- ISHN GLOBAL
- EHS RESEARCH
The government’s regulatory road is long, with many a winding curve – as shown anew in the fall regulatory agenda released last week by the Obama administration. Many of the regulations included have been in the works for years due to a variety of factors: a lengthy rule-making process, industry opposition, and, in some cases, delays by the White House Office of Management and Budget (OMB).
More than 70% of major U.S. employers engage in some form of electronic monitoring of workers, tracking their email, Internet use and whereabouts with GPS devices, according to William Staples, a University of Kansas sociologist who has released the second edition of his book, “Everyday Surveillance.”
A coalition of worker safety and food safety groups is urging the FDA to drop a proposed regulation that would pull government food inspectors from poultry plants and allow companies to conduct their own inspections and speed up production lines.
OSHA this week unveiled four rules it says will reduce unnecessary burdens on employers by updating or rescinding obsolete regulations and requirements. One rule updates and streamlines the standards for the use of mechanical power presses while the remaining three rules from the Employment and Training Administration rescind outdated Foreign Labor Certification regulations for the H-2A, F-1 and H-1A programs.
Occupational safety regulation needs to emerge from the 19th century concept that employers have to right to privately injure employees, and instead use the sunshine of modern public transparency to spotlight employer’s risk based safety performance.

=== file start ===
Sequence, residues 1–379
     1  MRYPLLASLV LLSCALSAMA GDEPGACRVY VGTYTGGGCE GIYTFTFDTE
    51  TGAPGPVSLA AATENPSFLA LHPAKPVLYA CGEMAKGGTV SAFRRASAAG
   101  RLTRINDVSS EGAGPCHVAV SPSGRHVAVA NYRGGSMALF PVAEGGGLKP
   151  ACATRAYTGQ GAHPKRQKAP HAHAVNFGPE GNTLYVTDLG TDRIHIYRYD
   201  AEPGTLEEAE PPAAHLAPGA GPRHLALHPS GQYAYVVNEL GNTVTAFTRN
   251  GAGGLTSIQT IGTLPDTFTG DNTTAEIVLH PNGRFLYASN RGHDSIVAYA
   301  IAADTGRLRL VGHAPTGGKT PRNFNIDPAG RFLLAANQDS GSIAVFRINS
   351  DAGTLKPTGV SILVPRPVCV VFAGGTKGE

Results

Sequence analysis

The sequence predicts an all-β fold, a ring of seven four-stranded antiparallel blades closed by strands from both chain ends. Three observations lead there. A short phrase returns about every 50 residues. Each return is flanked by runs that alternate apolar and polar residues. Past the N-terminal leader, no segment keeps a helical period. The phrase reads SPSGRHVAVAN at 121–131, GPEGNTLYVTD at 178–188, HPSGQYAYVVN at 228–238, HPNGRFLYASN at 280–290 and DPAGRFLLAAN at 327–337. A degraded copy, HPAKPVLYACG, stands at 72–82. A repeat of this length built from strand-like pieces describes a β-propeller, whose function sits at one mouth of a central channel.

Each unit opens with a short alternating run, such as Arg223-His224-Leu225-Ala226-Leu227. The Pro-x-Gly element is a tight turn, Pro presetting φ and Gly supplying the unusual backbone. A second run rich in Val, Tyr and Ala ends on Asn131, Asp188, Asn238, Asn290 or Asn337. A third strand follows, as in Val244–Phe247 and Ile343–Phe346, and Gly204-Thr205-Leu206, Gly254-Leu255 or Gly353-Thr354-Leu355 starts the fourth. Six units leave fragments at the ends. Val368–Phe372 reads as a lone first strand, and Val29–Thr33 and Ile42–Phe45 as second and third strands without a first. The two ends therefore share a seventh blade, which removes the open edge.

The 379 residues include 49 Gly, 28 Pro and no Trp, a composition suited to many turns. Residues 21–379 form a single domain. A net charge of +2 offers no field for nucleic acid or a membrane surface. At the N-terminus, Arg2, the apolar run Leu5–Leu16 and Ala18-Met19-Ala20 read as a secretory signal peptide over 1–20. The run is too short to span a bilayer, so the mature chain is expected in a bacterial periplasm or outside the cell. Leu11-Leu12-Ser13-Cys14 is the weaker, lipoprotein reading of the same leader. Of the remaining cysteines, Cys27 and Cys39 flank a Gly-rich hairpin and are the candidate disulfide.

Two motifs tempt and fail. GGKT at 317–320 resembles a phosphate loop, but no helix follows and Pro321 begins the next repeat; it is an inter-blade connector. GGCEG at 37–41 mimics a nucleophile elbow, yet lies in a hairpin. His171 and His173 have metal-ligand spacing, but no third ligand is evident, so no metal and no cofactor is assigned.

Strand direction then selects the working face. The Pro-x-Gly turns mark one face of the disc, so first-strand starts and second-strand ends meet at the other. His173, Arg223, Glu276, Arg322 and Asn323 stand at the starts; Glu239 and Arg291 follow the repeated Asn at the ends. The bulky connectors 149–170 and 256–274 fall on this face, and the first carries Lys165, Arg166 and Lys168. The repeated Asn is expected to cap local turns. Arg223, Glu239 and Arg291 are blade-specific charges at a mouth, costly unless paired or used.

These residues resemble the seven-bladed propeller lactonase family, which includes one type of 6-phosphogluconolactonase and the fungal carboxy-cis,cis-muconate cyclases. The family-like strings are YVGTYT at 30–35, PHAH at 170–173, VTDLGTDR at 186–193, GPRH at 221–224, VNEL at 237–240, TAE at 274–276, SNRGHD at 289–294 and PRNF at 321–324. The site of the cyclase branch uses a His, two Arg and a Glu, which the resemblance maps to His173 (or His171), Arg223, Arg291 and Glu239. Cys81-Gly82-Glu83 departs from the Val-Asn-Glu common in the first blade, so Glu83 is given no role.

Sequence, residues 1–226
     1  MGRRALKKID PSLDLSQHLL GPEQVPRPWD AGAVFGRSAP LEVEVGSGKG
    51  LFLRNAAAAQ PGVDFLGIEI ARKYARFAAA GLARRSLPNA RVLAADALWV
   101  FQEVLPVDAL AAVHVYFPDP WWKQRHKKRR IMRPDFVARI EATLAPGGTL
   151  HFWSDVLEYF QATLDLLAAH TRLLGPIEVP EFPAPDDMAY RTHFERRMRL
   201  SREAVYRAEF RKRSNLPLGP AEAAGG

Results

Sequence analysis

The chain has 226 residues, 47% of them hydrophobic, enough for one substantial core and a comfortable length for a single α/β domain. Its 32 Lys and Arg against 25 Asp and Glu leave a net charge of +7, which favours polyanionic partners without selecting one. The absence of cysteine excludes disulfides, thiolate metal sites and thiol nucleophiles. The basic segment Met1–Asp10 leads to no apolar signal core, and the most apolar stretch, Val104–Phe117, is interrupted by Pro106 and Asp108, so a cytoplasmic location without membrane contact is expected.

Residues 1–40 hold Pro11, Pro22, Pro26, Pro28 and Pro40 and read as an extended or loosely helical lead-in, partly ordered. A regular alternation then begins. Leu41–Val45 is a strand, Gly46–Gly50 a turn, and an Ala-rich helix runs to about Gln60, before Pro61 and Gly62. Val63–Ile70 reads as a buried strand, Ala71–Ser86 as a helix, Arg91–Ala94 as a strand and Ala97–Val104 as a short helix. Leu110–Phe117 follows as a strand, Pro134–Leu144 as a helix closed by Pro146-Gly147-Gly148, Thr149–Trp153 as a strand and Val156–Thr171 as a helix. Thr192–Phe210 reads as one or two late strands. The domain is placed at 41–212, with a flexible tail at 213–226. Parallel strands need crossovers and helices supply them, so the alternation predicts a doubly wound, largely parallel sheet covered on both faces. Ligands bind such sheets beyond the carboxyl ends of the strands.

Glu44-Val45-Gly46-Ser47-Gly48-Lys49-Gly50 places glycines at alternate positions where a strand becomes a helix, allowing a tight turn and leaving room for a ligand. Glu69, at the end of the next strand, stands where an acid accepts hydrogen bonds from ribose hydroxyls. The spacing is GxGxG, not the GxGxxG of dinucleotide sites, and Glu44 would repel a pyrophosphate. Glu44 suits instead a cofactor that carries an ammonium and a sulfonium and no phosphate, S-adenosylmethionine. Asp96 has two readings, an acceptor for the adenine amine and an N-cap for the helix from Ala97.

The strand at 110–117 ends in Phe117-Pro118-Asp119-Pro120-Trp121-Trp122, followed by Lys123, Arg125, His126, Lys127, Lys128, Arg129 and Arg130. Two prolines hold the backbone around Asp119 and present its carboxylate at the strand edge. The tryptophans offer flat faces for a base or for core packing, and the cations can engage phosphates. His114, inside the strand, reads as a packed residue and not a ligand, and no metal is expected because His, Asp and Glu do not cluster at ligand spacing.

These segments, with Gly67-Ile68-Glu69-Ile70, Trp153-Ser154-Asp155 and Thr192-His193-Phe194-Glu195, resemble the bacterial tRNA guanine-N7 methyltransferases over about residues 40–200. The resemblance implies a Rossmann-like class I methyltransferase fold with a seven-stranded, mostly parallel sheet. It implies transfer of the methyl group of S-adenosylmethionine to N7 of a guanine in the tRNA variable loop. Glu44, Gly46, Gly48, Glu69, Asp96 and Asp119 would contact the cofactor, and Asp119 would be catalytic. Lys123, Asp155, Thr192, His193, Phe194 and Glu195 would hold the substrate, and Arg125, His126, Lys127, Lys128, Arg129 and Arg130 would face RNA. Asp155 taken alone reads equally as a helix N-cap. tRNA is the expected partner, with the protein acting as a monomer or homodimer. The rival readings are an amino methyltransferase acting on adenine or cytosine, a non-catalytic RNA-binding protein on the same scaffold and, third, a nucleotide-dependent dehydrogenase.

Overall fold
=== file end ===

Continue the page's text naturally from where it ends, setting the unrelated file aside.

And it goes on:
The current administration looks to Saul Alinsky’s “Twelve Rules for Radicals” for their guidance. OSHA has now stepped in this direction and away from safety principles. Their first foray was the Shaming Press Releases.
Statement by Christina Morgan, US Chemical Safety Board (CSB) Recommendations Specialist, at a public hearing on Executive Order 13650: Improving Chemical Facility Safety and Security, November 15, 2013.
It’s been a long time coming. OSHA first proposed updated standards for electrical power transmission and distribution, and electrical protective equipment in 2005. Final rules were scheduled for release early in 2013. There has still been no final publication, but electrical safety experts say the release date is approaching, based on conversations with DC regulators and the Office of Management and Budget.
The former president of Port Arthur Chemical and Environmental Services LLC (PACES) has been sentenced for occupational safety crimes which resulted in the death of an employee. Matthew Lawrence Bowman, 41, of Houston, was sentenced last month to 12 months in federal prison, after pleading to violating the Occupational Safety and Health Act (OSH Act) and making a false statement.
One of the largest manufacturers of chromium chemicals in the world has been ordered to pay a $2,571,800 for failing to disclose information about the health risks of hexavalent chromium exposure to its workers.